Pectin content and antioxidant activities change according to the non-linear model of level 3, and the maximum peak of the model was at the extracting time of 90 min. Antioxidant pectin content increased as the extracting time increased from 30 to 90 min and decreased as the extracting time increased from 90 to 180 min. At the extracting time of 180 min, extracted pectin content was the lowest. The correlation between pectin content and antioxidant activities was close (R2 > 0.9). Those demonstrated that the longer time is, the bigger the degradation of pectin structure, and antioxidant activities decrease. The durability of the pectin in the current study was lower than in previous publications (the linkage decomposition of glycosidic only happens was at least 7 h 27. The lower the molecular weight of pectin is, the higher the solubility in water and dispersion in alcohol are. The long extracting time would cause some disadvantages for the precipitation step; for example, other compounds increase (not pectin) in the extract, the difficulty in the pectin precipitation. The pectin extraction yield decreased as the extracting time increased because of the extracting time increase leading to the decomposition increase of pectin and the depolymerization process of the galacturonan sequence of pectin under the effect of the temperature 28. It means that the recovery yield and the activity of pectin decrease when the extracting time increase.
Effect of Extracting Temperature on Pectin Content and Antioxidant Activities: Pectin content, TA, and RP were the highest value in the temperature of 90 °C, 259.26 ± 7.75 mg uronic acid equivalent/g DW, 2.49 ± 0.075 mg ascorbic acid equivalent/g DW, and 1.21 ± 0.036 mg FeSO4 equivalent/g DW, respectively. The content and the TA of the pectin decreased to 183.85 ± 5.31 mg uronic acid equivalent/g DW and 1.80 ± 0.046 mg ascorbic acid equivalent/g DW, correspondingly Fig. 5 when the extracting temperature increased to 100 °C. RP also decreased light, compared to the decrease of TA and pectin content. RP was the minimum value of 0.476 ± 0.014 mg FeSO4 equivalent/g DW as the extracting temperature of 70 °C. Pectin content was significantly dropped from 259.26 ± 7.75 to 183.85 ± 5.31 mg uronic acid equivalent/g DW (75.41 mg uronic acid equivalent/g DW) when the temperature increased to 100 °C, compared to the temperature of 90 °C. The pectin content and the antioxidant activity of pectin was a close correlation (R² > 0.95) and changed according to the non-linear function of level 2. The structure of the cactus cell is still lastingness and the linkage between pectin and the cell membrane is stable when the extracting temperature is not higher than 70 ºC. The cleavage of components in the structure of pectin molecules happens stronger under the effect of high temperature, and suitable conditions of pectin extraction range from 80 ºC -90 ºC depending on plant species 29.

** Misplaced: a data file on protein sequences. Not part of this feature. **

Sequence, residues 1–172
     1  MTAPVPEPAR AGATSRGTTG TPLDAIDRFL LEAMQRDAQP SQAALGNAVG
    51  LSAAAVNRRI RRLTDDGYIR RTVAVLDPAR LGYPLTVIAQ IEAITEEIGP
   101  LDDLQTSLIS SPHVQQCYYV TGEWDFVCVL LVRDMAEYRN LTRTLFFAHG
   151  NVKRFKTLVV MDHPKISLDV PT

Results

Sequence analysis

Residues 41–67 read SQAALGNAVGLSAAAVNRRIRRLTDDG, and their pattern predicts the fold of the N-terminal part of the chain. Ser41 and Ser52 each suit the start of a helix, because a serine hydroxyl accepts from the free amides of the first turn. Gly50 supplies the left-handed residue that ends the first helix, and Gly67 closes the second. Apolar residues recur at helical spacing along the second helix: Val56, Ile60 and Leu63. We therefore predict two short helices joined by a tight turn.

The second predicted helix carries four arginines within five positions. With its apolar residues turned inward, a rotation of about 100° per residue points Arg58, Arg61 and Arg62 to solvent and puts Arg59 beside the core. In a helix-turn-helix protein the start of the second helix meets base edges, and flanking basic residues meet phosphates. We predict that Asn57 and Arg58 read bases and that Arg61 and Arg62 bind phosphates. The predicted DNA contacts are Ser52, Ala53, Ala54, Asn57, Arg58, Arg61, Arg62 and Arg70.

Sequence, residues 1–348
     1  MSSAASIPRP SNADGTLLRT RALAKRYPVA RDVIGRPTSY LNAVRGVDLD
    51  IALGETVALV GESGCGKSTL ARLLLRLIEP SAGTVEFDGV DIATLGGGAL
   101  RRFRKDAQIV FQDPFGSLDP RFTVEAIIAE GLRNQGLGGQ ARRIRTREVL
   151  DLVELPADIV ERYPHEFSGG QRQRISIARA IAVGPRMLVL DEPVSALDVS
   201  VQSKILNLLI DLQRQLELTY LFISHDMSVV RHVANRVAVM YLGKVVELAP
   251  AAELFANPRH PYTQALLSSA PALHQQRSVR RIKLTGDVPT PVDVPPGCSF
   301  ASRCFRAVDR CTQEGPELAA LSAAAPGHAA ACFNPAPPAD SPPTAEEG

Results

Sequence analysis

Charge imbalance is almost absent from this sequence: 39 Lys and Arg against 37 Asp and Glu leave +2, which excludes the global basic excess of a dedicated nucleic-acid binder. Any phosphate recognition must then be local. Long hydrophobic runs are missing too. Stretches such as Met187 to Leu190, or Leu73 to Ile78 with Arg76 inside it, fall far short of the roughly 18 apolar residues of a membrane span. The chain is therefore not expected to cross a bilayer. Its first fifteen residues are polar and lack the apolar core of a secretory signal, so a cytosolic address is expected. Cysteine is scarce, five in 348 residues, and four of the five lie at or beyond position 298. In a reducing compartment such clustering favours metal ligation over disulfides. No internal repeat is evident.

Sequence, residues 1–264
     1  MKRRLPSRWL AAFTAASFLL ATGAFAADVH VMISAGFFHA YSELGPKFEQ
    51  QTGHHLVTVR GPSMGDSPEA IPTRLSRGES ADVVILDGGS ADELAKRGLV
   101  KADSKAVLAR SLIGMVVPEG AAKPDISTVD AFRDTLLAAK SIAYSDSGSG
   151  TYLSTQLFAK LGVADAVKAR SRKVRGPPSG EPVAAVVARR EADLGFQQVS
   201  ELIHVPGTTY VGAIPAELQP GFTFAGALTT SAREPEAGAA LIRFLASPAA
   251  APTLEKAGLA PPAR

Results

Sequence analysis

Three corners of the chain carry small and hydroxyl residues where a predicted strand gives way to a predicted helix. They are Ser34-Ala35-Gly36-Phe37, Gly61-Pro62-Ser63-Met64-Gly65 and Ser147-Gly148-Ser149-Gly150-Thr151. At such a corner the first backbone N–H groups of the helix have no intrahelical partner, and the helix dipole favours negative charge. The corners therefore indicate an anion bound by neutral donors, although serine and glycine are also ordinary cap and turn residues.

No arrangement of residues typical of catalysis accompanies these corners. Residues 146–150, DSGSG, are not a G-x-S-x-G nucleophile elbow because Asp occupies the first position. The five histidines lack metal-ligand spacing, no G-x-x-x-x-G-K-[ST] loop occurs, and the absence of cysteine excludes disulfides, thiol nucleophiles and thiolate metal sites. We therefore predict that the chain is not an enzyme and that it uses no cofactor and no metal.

FIG. 5: EFFECT OF EXTRACTION TEMPERATURE ON PECTIN CONTENT AND ANTIOXIDANT ACTIVITY
Effect of Times of Repeated Extraction on Pectin Content and Antioxidant Activity: The efficiency of antioxidant pectin extraction from the cactus was affected by the time of repeating extraction. Pectin content and antioxidant activity was 79.05% at the first time of the extraction, compared to all extraction time. TA and RP corresponded to 2.49 ± 0.068 mg ascorbic acid equivalent / g DW and 1.31 ± 0.037 mg FeSO4 equivalent/g DW, respectively. At the second time of the extraction, pectin content decreased sharply to 45.13 ± 1.46 mg uronic acid equivalent/g DW. TA and RP corresponded to 0.73 ± 0.026 mg ascorbic acid equivalent/g DW, 0.24 ± 0.007 mg FeSO4 equivalent/g DW, respectively Fig. 6. At the third time of extraction, the extraction efficiency (7.19%), TA (0.21 ± 0.008 mg ascorbic acid equivalent/g DW) and RP (0.13 ± 0.005 mg FeSO4 equivalent/g DW) got the lowest value in comparison to all three extractions.
FIG. 6: EFFECT OF TIMES OF REPEATED EXTRACTION ON PECTIN CONTENT AND ANTIOXIDANT ACTIVITY
The content and antioxidant activities of pectin were dropped nearly three times, compared to the first time of extraction. Pectin content and antioxidant activities had a close correlation according to the linear function (R2 > 0.9). The times of repeating extraction impacted on antioxidant pectin content (p < 0.05). The pectin color extracting from the cactus was white Fig. 6. The color was more beautiful than jackfruit (Artocarpus heterophyllus) waste pectin color (yellowish) 30. The impact of temperature and pH solvent at the second and third extraction times caused the stronger destruction of pectin that led to the efficiency of antioxidant pectin extraction decreased when extraction times increased.